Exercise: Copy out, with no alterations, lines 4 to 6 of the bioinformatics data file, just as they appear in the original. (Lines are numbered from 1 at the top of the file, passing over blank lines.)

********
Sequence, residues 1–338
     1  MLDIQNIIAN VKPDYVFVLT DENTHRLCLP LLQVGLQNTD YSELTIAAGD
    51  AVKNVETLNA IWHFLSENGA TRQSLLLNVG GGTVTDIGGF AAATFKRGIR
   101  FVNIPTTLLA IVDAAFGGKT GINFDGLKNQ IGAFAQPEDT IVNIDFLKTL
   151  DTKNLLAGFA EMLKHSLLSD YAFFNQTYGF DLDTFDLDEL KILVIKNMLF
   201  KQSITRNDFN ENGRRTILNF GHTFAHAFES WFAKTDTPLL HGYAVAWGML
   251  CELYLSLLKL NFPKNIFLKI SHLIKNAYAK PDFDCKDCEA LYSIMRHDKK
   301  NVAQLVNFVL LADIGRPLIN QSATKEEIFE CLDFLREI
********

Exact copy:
   101  FVNIPTTLLA IVDAAFGGKT GINFDGLKNQ IGAFAQPEDT IVNIDFLKTL
   151  DTKNLLAGFA EMLKHSLLSD YAFFNQTYGF DLDTFDLDEL KILVIKNMLF
   201  KQSITRNDFN ENGRRTILNF GHTFAHAFES WFAKTDTPLL HGYAVAWGML